Two more days 'til Hallowe'en, Hallowe'en, Hallowe'en ....
It being so close to October 31, I thought I would share my good and interesting October journey.
Let's talk October reads first.
Just finished Renn Graham and Jeannette Arroyo's Blackwater. Originally a web
comic, it is a YA queer romance horror, sort of a mash-up of Stranger Things
(though not retro), Heartstopper and Teen Wolf with alternating art styles!
Crushing on supporting goth character Marcia, a
slightly under-realized young black woman of size. Perhaps another story with
more of her, and protags, jock Tony Price and German kid, Eli Hirsch? There's
room for all that, and I'd read it.
Also Adam Cesare's Clown In A Cornfield, which marries old-and-new-school
slashers, moving at a good clip. As it is YA horror (which I only discovered after reading the novel), Cesare is often borderline
satirical in depicting townies, and any grown-ups, who are alternately inept or
menacing for the most part. But this view of townies grows more sympathetic as
protagonist Quinn widens her view of Small Town, Missouri. She and her dad Dr. Glenn Maybrook have
a shared requisite tragic backstory. Their sudden relocation from Philadelphia
to Kettle Springs allows for new-school/old-school, big-city/small-town
comparisons and juxtapositions, granting Cesare the ability to tell the story
like an old-school slasher in a contemporary setting. Jock Cole Hill, her romantic interest, also grapples with grief, but his story of loss is shown instead of told. It is a curious choice,
considering that whole Cole character is a means to digging into the town's
quandaries and past. Quinn, on the other hand, remains the main character and should have agency or at least a background deserving of
In some ways, Clown is a variation on the Scream
franchise themes, but with compelling characters, action and small-town spicing,
courtesy of Kettle Springs, Missouri. Only recently did I learn it is YA. With
its level of gore and dismemberment, though, it is a closer descendant of
the Netflix Fear Street trilogy than Stranger Things.
For a good laugh, I am slowly working through Grady Hendrix
and Will Erickson's riotously funny Paperbacks From Hell: The Twisted History
of '70s and '80s Horror Fiction. It remains a mood up-lifter of
the most ridiculous sort.
I realized I
never saw all of John Carpenter’s 1981 effort, The Fog, and rented it. It
remains immersive 1980's horror, with tough-sensitive guy Tom Atkins, Curtis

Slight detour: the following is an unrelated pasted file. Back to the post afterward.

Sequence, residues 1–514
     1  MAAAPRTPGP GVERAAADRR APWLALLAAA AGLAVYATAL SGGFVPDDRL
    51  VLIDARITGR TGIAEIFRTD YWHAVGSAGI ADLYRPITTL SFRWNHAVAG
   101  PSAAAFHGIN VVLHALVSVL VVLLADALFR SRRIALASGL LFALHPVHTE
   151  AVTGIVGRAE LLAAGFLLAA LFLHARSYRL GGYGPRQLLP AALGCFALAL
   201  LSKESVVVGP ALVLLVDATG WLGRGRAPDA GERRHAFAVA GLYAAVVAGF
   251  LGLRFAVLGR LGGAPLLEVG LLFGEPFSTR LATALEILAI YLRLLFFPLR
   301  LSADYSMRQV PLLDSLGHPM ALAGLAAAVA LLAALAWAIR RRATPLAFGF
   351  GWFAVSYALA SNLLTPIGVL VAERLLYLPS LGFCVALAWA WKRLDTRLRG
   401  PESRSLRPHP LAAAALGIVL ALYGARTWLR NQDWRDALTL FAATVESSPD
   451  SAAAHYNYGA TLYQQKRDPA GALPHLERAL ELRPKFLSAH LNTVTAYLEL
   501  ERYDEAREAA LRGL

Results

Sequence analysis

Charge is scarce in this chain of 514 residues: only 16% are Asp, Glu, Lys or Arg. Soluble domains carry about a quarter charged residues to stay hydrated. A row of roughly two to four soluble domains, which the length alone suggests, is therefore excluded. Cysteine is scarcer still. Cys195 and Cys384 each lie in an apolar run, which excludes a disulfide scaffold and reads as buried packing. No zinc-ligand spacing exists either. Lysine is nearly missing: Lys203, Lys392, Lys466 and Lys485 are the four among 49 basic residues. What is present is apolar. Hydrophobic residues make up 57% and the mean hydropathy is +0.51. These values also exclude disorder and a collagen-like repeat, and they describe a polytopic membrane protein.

shimmering as free-wheeling hitchhiker Elizabeth Solley. Loved Janet Leigh, saucy 1978 Halloween alumni Nancy
Kyes, cool lighthouse deejay Adrienne Barbeau. All that said, some shots, in
fact many, and the music remind me of Halloween. In fact, director Carpenter
is really cribbing himself for much of the tense scenes, when he isn’t busy
showing the beautiful seaside before the fog rolls in in and the fog machine
really starts gunning in-town. The '76 Ford LTD Country Squire is also a close
cousin to Michael Myers' ride, the '78 Ford LTD Station Wagon in Halloween.
Perhaps Carpenter got a deal on these station wagons, or simply owned one?
Also viddied queer director James
Whale’s The Invisible Man (1933); The Old Dark House (1932, also
a Whale film). The first is mercilessly dark and twisted, and campy and the
second, well, the second is the same, sans a Universal Studios monster. In House,
Whale also nods, winks and leers at the queer viewer, passing off strikes as
balls, or queer jokes as straight clap-trap, and they’re a joy to detect, each
and every one of them.
well, I quite enjoyed Tom Seeley and Michael Moreci's Revealer, pairing
a stripper and religious zealot in Chicago during the rapture. This impressive
cosmic-horror endeavour works hard, delivering a great story and performances
despite Covid shooting limitations.
Watched Dave Grohl's Studio 666, a predictable but
loving tribute to horror cinema. Like seeing Kiss in the classic 1979
rock-cheese feature Kiss Meets the Phantom of the Park, one must appreciate the rock band the Foo Fighters hamming up every scene
to a rather kick-ass soundtrack and crop of cameos including ... Lionel Ritchie?
Blade from 1988 still remains kinetic. Wesley Snipes kicks
fanged-fiend butt, but with some power-level discrepancies and Stephen Dorff
remains a fine Jack Nicholsonesque antagonist. Kris Kristofferson as cranky old
Whistler is still as endearingly irascible as ever.
George A. Romero's 1968 Night of
the Living Dead still wields power over the viewer, as does John Landis’
1981 An American Werewolf in London, although I still maintain it
suffers from a simplistic and fatalistic third act. While Night’s ending
is a kick to the stomach, American Werewolf’s remains abrupt and unsympathetic
to the point of sarcasm.
The last two are revisits. Still
hankering to revisit It Follows, one of my all-time contemporary favourites.
My case for It Follows is here in previous blog post.
Also watching Shudder’s Queer For
Fear. The documentary series traces the lineage of queer or LGBTQ1+
influence on horror and gothic literature and cinema from its earliest days,
from Mary Shelley penning A Modern Prometheus and kickstarting the gothic
and horror genre and onward. While it features an uneven third episode, Queer
is at its best when focusing on a particular actor, a film or film series (Anthony
Perkins in Psycho, Alfred Hitchcock’s portrayal of gay men) or a particular
genre trend (the endless list of exploitative lesbian vampire films in the 1970’s)
or juxtaposing overtly campy or sexual sound bites into the thesis breakdown.
In between all that, trying to finish a review of
a sci-fi collection for U.S. magazine and trying to revise an autumnal story
about a traveling roadshow of horror writers who are down on their luck, and turning
to dark means in their desperation.